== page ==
Jazz Greats at Eel Pie Island
Trend forming groups
Free jazz concerts
Long before the inaugural National Jazz Festival took place in Richmond in 1961, Eel Pie Island had discovered jazz. Built in 1830, the Eel Pie Island Hotel had always been known for its musical attractions. Charles Dickens made mention of the hotel in Nicholas Nickleby as a place where one could "dance to the music of a locomotive band". With the advent of the hotel's famous sprung dance floor in 1898, balls and tea dances became regular events.
In 1956, under the stewardship of Arthur Chisnall, the music became more avant-garde. Arthur's desire to see "trend-forming groups" play on the island led, in April 1956, to the first in a series of parties where crowds flocked to the island to listen to free jazz concerts. The success of this early venture led to the establishment of the Eel Pie Island Jazz Club, providing musicians with another important venue in the thriving south-west London jazz scene.
Grand Gala Opening Night
Advertised in The Richmond and Twickenham Times, the club's 'Grand Gala Opening Night – A Three Band Session', took place on February 9, 1957. Alongside headliners Cy Laurie and his band were Bill Brunskill's Jazzmen and the Alpha Jazzmen. Members to the newly inaugurated jazz club paid 4/-, guests 3/-.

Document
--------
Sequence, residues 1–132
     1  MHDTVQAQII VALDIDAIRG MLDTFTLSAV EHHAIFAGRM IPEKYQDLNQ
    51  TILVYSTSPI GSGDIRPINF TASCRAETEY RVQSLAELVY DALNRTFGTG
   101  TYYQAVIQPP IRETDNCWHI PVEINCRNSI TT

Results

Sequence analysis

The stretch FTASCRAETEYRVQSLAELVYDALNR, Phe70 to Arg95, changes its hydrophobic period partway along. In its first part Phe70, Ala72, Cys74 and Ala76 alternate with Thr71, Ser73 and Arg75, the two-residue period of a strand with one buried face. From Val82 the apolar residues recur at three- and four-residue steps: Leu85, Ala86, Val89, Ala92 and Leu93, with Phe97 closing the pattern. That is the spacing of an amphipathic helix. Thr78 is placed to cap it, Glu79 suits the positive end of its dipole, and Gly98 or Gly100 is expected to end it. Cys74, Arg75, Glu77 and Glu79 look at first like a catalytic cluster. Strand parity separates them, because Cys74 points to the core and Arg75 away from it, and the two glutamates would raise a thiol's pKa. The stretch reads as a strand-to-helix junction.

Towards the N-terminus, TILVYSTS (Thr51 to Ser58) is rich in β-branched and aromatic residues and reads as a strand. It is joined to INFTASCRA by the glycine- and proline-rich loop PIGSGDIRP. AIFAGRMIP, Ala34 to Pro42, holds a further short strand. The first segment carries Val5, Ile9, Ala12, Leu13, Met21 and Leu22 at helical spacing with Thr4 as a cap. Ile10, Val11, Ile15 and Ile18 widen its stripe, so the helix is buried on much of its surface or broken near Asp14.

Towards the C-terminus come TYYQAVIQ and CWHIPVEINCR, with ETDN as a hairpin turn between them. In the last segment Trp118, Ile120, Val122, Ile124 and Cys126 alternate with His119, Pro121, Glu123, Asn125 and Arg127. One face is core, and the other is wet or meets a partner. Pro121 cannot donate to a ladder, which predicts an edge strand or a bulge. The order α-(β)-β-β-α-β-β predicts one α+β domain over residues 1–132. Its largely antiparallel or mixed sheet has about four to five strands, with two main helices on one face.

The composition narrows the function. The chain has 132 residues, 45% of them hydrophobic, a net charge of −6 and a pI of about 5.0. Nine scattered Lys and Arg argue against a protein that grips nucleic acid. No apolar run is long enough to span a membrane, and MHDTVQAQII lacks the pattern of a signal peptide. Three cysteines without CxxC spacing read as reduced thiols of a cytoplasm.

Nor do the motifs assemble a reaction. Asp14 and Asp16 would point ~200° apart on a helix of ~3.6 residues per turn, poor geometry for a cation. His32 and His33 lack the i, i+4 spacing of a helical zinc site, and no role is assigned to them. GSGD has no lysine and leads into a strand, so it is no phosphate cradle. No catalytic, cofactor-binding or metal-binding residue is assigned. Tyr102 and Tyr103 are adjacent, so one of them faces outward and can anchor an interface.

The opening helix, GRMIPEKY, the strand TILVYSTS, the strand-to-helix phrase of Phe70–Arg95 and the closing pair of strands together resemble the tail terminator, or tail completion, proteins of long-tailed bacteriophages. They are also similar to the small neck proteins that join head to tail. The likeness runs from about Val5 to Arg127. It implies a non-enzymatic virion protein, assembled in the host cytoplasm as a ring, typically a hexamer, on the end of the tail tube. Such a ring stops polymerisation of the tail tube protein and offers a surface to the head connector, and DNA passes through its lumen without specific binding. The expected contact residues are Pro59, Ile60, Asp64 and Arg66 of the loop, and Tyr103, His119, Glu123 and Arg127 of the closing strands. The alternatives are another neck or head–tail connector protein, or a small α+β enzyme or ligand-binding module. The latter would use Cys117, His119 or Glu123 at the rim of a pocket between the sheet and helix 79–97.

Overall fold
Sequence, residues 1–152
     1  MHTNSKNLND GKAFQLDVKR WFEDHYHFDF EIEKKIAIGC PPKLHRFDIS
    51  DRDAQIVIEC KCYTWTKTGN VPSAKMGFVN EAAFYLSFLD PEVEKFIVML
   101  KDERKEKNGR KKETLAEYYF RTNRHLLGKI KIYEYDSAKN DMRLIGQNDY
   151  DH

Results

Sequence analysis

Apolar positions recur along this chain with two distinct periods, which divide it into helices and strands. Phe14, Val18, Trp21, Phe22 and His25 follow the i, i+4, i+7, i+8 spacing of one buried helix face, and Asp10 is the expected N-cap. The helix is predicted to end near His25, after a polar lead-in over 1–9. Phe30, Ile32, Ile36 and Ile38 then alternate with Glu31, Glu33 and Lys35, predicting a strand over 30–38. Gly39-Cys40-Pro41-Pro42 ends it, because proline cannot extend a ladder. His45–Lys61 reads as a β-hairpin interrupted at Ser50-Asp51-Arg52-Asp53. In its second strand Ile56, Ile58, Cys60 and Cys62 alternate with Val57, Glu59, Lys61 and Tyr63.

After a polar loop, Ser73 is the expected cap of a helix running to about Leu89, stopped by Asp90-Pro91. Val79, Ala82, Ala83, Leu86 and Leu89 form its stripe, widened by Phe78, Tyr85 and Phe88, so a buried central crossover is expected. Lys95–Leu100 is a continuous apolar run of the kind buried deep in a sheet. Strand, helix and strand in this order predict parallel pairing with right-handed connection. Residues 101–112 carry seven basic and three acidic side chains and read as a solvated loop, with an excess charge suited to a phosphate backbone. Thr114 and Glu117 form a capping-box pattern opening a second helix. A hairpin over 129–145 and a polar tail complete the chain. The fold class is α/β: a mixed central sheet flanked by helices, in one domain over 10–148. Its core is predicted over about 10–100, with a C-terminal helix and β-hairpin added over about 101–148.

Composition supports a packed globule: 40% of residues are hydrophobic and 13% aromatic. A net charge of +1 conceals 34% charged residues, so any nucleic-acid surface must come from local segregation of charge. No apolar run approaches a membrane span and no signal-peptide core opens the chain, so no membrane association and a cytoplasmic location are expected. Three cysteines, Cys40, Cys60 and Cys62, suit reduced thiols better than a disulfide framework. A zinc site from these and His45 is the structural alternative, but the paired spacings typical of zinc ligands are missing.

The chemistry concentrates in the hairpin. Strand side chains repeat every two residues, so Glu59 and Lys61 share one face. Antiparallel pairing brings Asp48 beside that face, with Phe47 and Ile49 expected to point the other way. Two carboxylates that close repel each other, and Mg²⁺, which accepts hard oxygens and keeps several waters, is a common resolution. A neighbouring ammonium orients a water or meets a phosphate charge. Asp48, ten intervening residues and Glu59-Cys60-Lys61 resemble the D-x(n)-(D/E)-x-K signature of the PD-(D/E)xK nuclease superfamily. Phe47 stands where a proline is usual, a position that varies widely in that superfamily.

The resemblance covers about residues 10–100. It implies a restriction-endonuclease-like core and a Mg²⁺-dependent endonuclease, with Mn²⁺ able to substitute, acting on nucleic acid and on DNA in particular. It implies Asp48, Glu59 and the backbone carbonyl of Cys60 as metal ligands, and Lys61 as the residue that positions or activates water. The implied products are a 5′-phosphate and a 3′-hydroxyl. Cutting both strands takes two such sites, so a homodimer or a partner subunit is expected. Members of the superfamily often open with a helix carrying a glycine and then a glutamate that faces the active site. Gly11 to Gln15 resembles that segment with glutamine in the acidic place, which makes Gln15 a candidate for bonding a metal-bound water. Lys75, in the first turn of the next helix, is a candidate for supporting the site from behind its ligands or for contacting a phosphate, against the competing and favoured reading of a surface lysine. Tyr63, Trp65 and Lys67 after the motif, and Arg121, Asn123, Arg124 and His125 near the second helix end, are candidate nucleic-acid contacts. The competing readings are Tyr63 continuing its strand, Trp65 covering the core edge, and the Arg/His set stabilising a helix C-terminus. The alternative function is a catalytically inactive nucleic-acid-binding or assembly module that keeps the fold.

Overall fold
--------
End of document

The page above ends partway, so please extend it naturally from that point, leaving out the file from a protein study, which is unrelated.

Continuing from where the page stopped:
Over the next few years, the Eel Pie Island Hotel played host to some of the most influential British performers of traditional jazz. George Melly, who appeared regularly, described the rambling, ramshackle hotel, with its ornate columns and arches, as being in "the Tennessee Williams style".
"It's funny how the places where one form or another of music started have achieved a kind of mythical status. There was also Eel Pie Island, which started off as a revivalist place. In those days you couldn't get to it by bridge. You had to get in a punt and an old man like Charon would haul you across on a chain. It was a wonderfully decaying place, there was the hotel and collapsing sheds and overgrown shrubbery. It was the first place I believe I sang with Cy Laurie's band."
Other notables who performed regularly on Eel Pie Island were Kenny Ball, Acker Bilk, Bob Wallis and Bill Greenow, but perhaps best known for his long association with the island was Ken Colyer. Colyer was renowned for his purist approach to traditional jazz and his initiation of the skiffle trend. In 1957, Ken Colyer's Jazzmen, the line-up which succeeded his influential Crane River Jazz Band, recorded a live album on Eel Pie Island.
Richmond & Twickenham Times archives
'Owning Up' by George Melly (Penguin Books 2000)
'The Faber Companion to 20th-Century Popular Music' by Phil Hardy and Dave Laing (Faber & Faber, 1990)
'Routes of Rock' - Carlton TV Interview with George Melly